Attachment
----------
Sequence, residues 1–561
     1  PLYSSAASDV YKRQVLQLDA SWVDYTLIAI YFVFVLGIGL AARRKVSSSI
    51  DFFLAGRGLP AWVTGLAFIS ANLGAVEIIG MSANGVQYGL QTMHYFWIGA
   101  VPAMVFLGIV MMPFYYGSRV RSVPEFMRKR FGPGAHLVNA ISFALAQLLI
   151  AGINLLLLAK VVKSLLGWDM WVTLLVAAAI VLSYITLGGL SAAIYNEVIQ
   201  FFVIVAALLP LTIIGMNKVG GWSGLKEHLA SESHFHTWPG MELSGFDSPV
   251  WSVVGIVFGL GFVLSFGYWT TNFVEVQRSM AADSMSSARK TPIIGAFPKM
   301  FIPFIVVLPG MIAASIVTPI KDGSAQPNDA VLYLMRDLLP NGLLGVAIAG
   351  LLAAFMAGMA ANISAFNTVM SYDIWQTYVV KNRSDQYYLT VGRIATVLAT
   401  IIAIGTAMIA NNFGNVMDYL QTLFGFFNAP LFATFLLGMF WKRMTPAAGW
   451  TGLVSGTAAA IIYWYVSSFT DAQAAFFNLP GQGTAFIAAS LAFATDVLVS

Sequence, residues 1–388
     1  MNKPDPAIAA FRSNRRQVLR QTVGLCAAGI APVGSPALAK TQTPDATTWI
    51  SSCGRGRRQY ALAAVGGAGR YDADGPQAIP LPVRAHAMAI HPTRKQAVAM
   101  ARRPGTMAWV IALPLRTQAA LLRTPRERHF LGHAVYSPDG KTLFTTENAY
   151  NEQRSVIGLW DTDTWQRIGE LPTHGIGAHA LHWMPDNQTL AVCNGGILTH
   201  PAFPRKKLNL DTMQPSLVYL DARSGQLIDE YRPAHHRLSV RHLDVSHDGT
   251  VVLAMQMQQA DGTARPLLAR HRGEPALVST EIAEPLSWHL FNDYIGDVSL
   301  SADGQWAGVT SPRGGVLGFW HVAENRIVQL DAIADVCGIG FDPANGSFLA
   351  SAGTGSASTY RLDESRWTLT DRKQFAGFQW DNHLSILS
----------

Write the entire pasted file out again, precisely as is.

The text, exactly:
Sequence, residues 1–561
     1  PLYSSAASDV YKRQVLQLDA SWVDYTLIAI YFVFVLGIGL AARRKVSSSI
    51  DFFLAGRGLP AWVTGLAFIS ANLGAVEIIG MSANGVQYGL QTMHYFWIGA
   101  VPAMVFLGIV MMPFYYGSRV RSVPEFMRKR FGPGAHLVNA ISFALAQLLI
   151  AGINLLLLAK VVKSLLGWDM WVTLLVAAAI VLSYITLGGL SAAIYNEVIQ
   201  FFVIVAALLP LTIIGMNKVG GWSGLKEHLA SESHFHTWPG MELSGFDSPV
   251  WSVVGIVFGL GFVLSFGYWT TNFVEVQRSM AADSMSSARK TPIIGAFPKM
   301  FIPFIVVLPG MIAASIVTPI KDGSAQPNDA VLYLMRDLLP NGLLGVAIAG
   351  LLAAFMAGMA ANISAFNTVM SYDIWQTYVV KNRSDQYYLT VGRIATVLAT
   401  IIAIGTAMIA NNFGNVMDYL QTLFGFFNAP LFATFLLGMF WKRMTPAAGW
   451  TGLVSGTAAA IIYWYVSSFT DAQAAFFNLP GQGTAFIAAS LAFATDVLVS

Sequence, residues 1–388
     1  MNKPDPAIAA FRSNRRQVLR QTVGLCAAGI APVGSPALAK TQTPDATTWI
    51  SSCGRGRRQY ALAAVGGAGR YDADGPQAIP LPVRAHAMAI HPTRKQAVAM
   101  ARRPGTMAWV IALPLRTQAA LLRTPRERHF LGHAVYSPDG KTLFTTENAY
   151  NEQRSVIGLW DTDTWQRIGE LPTHGIGAHA LHWMPDNQTL AVCNGGILTH
   201  PAFPRKKLNL DTMQPSLVYL DARSGQLIDE YRPAHHRLSV RHLDVSHDGT
   251  VVLAMQMQQA DGTARPLLAR HRGEPALVST EIAEPLSWHL FNDYIGDVSL
   301  SADGQWAGVT SPRGGVLGFW HVAENRIVQL DAIADVCGIG FDPANGSFLA
   351  SAGTGSASTY RLDESRWTLT DRKQFAGFQW DNHLSILS